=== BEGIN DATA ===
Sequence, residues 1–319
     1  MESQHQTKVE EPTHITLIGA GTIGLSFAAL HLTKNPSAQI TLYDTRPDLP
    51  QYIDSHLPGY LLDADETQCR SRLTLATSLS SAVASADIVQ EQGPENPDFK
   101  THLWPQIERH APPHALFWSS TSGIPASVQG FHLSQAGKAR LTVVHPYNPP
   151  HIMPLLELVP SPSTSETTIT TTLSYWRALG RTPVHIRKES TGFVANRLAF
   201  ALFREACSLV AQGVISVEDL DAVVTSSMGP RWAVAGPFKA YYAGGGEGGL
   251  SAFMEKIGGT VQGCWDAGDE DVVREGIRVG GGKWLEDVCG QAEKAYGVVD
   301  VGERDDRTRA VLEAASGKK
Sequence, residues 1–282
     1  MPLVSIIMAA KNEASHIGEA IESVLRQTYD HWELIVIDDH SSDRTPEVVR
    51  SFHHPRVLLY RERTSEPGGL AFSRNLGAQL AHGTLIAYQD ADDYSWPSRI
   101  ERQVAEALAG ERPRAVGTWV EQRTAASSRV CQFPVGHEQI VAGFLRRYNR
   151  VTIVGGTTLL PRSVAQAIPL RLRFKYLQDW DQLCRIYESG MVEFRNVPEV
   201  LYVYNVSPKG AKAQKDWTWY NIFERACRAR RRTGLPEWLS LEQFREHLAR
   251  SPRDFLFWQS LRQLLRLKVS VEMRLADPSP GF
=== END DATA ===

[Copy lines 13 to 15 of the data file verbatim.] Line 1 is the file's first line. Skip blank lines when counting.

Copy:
   151  VTIVGGTTLL PRSVAQAIPL RLRFKYLQDW DQLCRIYESG MVEFRNVPEV
   201  LYVYNVSPKG AKAQKDWTWY NIFERACRAR RRTGLPEWLS LEQFREHLAR
   251  SPRDFLFWQS LRQLLRLKVS VEMRLADPSP GF